7. Joe Johnson, Atlanta (.483 projected, .569 updated, +.086)
Along with teammate Radmanovic, Johnson is the most experienced player on the list, and his performance thus far is as much about defying the effect of age as it is improving. That noted, Johnson's current .601 win percentage would be the best of his All-Star career. Nothing about Johnson's line stands out as particularly fluky. He's helped himself by increasing his three-point attempts, which has had many benefits, including cutting his turnovers. Johnson is coughing the ball up on just 7.6 percent of his plays, an impressive accomplishment for a guard who handles the ball as much as he does.
8. Kawhi Leonard, San Antonio (.410 projected, .496 updated, +.086)
Another rookie who has provided dividends ahead of schedule, Leonard is starting for the Spurs in place of the injured Manu Ginobili. He's proven a quick study on the defensive end, where his long arms make him a potential stopper. Thus far, Leonard has been an adequate three-point shooter (7-of-22, 31.8 percent), which is really all he needs to be a valuable contributor given his other skills. Leonard and Green might allow San Antonio to replace Richard Jefferson in-house should San Antonio elect to amnesty the veteran small forward's contract next summer.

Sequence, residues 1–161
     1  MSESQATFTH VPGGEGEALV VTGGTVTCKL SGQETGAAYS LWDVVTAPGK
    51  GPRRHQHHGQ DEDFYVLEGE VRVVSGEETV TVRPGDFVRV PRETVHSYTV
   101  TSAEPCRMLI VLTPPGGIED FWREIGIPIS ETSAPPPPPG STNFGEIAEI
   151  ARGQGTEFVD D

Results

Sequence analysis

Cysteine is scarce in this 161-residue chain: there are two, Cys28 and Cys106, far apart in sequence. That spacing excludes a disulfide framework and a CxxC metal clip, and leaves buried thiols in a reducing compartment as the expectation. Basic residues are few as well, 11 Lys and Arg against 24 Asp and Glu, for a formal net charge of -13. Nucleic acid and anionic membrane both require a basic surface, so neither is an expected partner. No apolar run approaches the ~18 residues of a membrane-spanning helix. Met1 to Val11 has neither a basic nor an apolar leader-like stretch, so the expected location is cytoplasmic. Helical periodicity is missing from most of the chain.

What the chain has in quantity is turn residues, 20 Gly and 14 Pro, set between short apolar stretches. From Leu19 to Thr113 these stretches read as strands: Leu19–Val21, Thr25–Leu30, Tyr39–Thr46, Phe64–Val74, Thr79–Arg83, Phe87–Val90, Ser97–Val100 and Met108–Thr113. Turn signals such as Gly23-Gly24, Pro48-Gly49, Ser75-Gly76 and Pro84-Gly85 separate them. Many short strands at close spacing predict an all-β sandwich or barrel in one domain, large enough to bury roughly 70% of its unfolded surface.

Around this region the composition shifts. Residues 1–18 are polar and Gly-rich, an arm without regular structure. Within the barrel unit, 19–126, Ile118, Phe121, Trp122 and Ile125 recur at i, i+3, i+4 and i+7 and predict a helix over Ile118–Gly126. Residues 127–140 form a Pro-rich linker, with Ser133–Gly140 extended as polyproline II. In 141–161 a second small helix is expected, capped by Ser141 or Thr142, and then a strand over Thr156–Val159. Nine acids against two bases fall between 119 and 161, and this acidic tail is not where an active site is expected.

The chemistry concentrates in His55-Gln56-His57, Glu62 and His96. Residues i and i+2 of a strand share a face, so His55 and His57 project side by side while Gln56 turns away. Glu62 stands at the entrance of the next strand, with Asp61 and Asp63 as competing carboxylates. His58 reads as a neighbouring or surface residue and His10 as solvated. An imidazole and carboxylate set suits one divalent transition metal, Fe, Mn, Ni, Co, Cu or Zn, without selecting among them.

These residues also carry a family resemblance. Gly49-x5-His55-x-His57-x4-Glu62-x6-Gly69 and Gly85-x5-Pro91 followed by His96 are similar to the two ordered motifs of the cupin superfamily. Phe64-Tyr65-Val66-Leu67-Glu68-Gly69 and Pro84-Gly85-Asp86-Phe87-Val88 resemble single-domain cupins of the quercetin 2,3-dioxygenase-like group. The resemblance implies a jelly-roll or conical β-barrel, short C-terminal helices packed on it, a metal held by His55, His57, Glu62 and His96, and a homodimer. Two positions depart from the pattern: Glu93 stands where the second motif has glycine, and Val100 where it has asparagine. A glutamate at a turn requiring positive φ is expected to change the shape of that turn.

9. Isaiah Thomas, Sacramento (.392 projected, .478 updated, +.085)
Really, I should have found some kind of formula to improve the projection of my fellow Husky. Alas, Thomas hasn't needed any help since getting drafted by the Kings. In limited minutes off the bench, Thomas has been a sparkplug. His energy was crucial to Wednesday's come-from-behind win, where Thomas replaced fellow rookie Jimmer Fredette in the rotation and ended up finishing the game. As Sacramento's only capable passer, Thomas fills an invaluable niche. Regular trips to the free throw line have allowed Thomas to score with acceptable efficiency despite making just 39.5 percent of his twos. The 5-9 mighty mite has found finishing against bigger defenders his greatest challenge.
10. Chandler Parsons, Houston (.398 projected, .481 updated, +.083)
The Rockets nearly traded Parsons to Minnesota the night of the draft before demanding to keep him when Jonny Flynn's physical turned up red flags. Houston has to feel lucky to have kept Parsons, who is already starting at small forward ahead of incumbent Chase Budinger. Besides the follow dunks that have made him famous, Parsons is rebounding like a power forward and contributing frequent blocks and steals. While Parsons was the SEC Player of the Year, his numbers at Florida didn't suggest much in the way of tangible defensive contributions, and blocks and steals tend to translate well to the NBA. It will be fascinating to see whether Parsons can keep it up.
Kevin Pelton is an author of Basketball Prospectus.